For those who are engaged in competitions, it will be necessary to wait a few more weeks or even a few months. But for others, the summer break is already here. Can we completely stop swimming? What to do during this period?
A complete break?
It is often advisable to make at least one real cut per year in order to fully recover. This complete rest has benefits:
- Physical: The body is allowed to regenerate, which prevents over training and reduces the risk of injury.
- Mental: We can take a step back, avoid weariness, and come back with greater motivation.
However, the optimal duration of this stop is debated. Indeed, if the total stopping has relatively few consequences in the first days, it is not the same when it is prolonged. The body trains quite quickly and after 3 to 4 weeks, the parameters related to endurance and, to a lesser extent, to strength, are markedly altered (studies on this subject are numerous, the most readers motivated can find some references below). In addition, a long stop usually means a more difficult recovery with an increased risk of injury. In the end, a cut that is too long can therefore turn out to be rather harmful.
A good solution is to favor a fairly short complete stop, of about two weeks, followed by a fairly long “light” training time (around a month but this of course depends on your summer schedule. ). This reduced training time also allows you to rest while limiting the effects of de-training.
What to do?
The holiday atmosphere, the cessation of club training, the change of setting encourage quite a different training.
First of all, it’s a good time to discover new activities. The practice of another sport is quite logical compared to what we saw above. It partly avoids de-training while prolonging the benefits of the cut. But this diversification of training can also be done in swimming. This is obviously the right time to swim in a natural environment (we are obviously talking about training and not swimming!) And, more generally, to see things that you do not usually do (diving, turns, swims that you skipped, etc.)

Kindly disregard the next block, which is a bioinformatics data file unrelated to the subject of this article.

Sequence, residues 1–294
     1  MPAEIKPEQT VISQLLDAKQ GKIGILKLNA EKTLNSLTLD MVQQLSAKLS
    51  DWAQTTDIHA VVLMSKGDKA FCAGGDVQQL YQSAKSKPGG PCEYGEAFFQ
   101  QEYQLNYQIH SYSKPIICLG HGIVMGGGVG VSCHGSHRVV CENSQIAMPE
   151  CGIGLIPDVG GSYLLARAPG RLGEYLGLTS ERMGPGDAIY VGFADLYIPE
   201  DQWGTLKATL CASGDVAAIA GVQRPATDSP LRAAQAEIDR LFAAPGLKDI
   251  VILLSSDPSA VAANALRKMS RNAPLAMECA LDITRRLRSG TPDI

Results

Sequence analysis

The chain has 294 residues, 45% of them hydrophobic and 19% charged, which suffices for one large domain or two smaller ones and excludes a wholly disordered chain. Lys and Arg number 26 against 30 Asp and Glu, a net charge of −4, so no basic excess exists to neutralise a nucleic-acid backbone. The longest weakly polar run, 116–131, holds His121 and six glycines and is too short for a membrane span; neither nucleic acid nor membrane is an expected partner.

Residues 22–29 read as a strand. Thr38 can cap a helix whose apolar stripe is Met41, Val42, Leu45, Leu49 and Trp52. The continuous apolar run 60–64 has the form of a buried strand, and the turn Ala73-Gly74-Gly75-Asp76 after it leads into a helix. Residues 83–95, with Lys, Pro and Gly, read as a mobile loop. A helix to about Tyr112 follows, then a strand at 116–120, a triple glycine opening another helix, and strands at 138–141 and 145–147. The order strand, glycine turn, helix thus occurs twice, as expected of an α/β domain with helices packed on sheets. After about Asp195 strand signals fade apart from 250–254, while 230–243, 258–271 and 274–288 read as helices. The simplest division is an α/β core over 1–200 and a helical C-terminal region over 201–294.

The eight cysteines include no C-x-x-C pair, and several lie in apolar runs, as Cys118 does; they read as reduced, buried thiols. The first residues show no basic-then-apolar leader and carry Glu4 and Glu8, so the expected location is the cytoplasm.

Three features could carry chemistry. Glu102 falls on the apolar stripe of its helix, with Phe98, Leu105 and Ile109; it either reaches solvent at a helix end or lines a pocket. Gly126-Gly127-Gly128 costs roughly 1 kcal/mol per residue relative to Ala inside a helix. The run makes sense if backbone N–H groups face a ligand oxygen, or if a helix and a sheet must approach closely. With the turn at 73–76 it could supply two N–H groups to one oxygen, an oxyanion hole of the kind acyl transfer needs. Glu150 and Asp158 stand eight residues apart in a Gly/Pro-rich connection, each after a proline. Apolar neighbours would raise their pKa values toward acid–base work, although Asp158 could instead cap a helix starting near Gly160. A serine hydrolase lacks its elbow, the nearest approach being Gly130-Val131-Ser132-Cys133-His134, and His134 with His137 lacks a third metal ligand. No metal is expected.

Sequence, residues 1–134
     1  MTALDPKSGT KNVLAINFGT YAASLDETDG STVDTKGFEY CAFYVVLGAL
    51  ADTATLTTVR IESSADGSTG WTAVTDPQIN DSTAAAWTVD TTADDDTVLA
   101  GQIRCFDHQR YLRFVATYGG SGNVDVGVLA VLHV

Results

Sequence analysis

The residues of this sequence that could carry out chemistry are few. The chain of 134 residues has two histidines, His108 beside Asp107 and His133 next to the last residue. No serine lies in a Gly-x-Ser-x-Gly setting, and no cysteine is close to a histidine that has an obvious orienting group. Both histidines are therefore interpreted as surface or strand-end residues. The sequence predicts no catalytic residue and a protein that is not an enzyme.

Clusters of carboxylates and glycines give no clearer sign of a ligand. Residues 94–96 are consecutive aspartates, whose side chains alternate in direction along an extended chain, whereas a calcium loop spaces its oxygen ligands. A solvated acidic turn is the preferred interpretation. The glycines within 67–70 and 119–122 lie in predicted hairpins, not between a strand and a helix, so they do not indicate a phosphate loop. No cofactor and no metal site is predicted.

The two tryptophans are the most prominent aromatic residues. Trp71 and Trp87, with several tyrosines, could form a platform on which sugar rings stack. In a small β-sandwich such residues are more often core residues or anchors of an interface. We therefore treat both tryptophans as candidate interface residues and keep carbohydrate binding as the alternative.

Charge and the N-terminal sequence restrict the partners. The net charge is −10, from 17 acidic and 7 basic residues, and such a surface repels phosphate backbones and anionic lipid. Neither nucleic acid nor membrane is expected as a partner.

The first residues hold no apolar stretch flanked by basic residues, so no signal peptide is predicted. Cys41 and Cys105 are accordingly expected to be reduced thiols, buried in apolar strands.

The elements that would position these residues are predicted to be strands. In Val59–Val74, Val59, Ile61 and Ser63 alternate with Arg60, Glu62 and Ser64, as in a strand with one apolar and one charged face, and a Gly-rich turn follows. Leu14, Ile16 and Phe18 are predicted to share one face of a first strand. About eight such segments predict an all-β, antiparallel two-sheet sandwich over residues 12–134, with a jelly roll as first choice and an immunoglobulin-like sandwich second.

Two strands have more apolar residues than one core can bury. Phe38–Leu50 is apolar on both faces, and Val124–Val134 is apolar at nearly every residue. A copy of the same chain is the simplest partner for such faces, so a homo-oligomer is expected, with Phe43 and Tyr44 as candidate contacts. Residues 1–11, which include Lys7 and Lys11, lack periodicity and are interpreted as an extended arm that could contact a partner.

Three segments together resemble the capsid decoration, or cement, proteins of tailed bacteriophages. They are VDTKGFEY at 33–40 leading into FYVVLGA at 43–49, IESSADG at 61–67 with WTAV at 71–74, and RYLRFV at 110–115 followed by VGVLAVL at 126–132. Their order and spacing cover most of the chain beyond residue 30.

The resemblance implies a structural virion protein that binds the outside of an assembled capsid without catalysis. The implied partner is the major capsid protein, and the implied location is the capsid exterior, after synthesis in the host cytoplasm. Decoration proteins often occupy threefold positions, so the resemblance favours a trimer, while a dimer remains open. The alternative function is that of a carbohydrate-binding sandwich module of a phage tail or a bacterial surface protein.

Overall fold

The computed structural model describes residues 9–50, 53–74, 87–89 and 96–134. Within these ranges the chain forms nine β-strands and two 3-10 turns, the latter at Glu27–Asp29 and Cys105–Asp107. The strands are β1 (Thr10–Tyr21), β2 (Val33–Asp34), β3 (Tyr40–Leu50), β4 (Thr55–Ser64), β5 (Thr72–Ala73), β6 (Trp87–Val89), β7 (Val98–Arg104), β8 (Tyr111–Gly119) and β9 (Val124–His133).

However, this does not prevent you from doing serious lifeguard training in your favorite swim. Summer is a great time to implement technical improvements in your strokes. You can take your time more easily, with no other goal than technical progress. The length of the vacation allows you to automate the corrections before resuming your usual training at the start of the school year. If you own the books from the Efficient Swim collection, the end-of-book sessions will be a good start. If you use the workout generator, select endurance workouts but make the effort to choose yourself technical exercises suited to your level and your faults.
In summary, this is what the program could be
For those who don’t have competitive goals:
Two full weeks of rest, you have the right to that.
A fairly long period (3 to 5 weeks) of light training. This period will include one or two swimming sessions per week, shorter than what you usually do and focused on technical work. These sessions will be supplemented by the practice of another sport.
A gradual recovery (2 weeks) to return to your usual training by lengthening the sessions and possibly increasing their number.
For those who want a more sporty vacation:
Continuation of training in July, with participation in open water competitions for example.
Full stop in early August, 2 weeks. You will have even more right to it.
Two weeks of light and varied training. Small sessions focused on technique + practice of another sport
Gradual return to usual training over two weeks
Finally, for those who have competitive deadlines until the end of the summer or even beyond, the cut will of course be postponed towards the end of the year. We think about you!